The Photographic History of the Civil War
                  Volume 7 -
Prisons and Hospitals

  A Closer View of the Confederate Prisoners at Belle Plain


A Closer View of the Confederate Prisoners at Belle Plain

The photographer had worked up the valley nearer to the camp of Confederate prisoners at Belle Plain when this view was taken. The bed of the little stream is now visible with the group of soldiers lounging its banks. It was on May 23 - 26, 1864, that Lee had checkmated Grant at the North Anna River in the latter's advance toward Richmond. While the army was at  Spotsylvania, its water base had been at Belle Plain, on Potomac Creek, but when Grant moved to the North Anna the base was transferred to Port Royal, on the Rappahannock, and the Confederates at Belle Plain were sent on to Northern prisons. The burden placed upon the South in feeding and guarding its prisoners was overwhelming, and Colonel Robert Ould, agent of exchange, offered, later in the year, to deliver the sick and wounded at Savannah without equivalent. Transportation was sent late in November, and here and at, Charleston, when the delivery was completed after the railroad leading to Savannah was cut, about thirteen thousand men were delivered. More than three thousand Confederates were delivered at the same time. After January 24, 1865, exchanges were recommenced and continued with little interruption to the end of hostilities in April.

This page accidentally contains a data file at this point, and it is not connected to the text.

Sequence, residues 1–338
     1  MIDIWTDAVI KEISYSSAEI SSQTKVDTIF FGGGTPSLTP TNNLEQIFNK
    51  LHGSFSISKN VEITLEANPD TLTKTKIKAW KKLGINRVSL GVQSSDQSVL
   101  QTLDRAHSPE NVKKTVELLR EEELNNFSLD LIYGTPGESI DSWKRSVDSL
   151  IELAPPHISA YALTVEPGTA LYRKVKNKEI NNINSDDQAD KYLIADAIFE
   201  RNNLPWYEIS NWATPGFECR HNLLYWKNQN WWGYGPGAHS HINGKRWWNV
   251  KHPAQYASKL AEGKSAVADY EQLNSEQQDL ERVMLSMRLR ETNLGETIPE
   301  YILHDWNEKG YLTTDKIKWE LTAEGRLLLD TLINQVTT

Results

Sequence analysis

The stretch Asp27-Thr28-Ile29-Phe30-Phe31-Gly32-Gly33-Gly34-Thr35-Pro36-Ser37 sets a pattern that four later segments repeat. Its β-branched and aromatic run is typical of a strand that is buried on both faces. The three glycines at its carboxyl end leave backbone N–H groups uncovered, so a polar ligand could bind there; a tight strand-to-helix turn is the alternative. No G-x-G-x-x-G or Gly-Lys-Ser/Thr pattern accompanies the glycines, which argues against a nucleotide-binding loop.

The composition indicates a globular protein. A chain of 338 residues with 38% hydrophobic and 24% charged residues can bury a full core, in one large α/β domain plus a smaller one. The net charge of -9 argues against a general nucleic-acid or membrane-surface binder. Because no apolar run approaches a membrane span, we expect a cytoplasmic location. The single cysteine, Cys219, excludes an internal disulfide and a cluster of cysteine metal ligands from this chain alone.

page 41  in 1911 book

Hit Counter
visits to this page.
Page last revised05/24/2006

More Civil War Material:
American Civil War Anecdotes, Incidents and Articles.

This online edition of The Photographic History of the Civil War includes improved images using digital images from the Library of Congress, when available. It also includes additional images that are either cropped from the Library of Congress digital images or are related to the specific topic being discussed in the article or page.

Volume 7 of the History is the first volume I'm publishing online simply because it was the one I was interested in when I decided to publish.

More to come, I hope.


Copyright 2004 Michael P. Goad  All rights reserved.